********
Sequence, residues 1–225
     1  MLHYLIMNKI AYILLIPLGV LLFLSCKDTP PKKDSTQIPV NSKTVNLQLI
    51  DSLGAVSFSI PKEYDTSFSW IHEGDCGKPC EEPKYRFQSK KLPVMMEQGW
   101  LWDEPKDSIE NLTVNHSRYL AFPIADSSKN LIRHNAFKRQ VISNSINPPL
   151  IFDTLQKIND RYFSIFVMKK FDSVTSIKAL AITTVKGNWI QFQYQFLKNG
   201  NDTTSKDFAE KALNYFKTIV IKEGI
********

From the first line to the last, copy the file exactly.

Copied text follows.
Sequence, residues 1–225
     1  MLHYLIMNKI AYILLIPLGV LLFLSCKDTP PKKDSTQIPV NSKTVNLQLI
    51  DSLGAVSFSI PKEYDTSFSW IHEGDCGKPC EEPKYRFQSK KLPVMMEQGW
   101  LWDEPKDSIE NLTVNHSRYL AFPIADSSKN LIRHNAFKRQ VISNSINPPL
   151  IFDTLQKIND RYFSIFVMKK FDSVTSIKAL AITTVKGNWI QFQYQFLKNG
   201  NDTTSKDFAE KALNYFKTIV IKEGI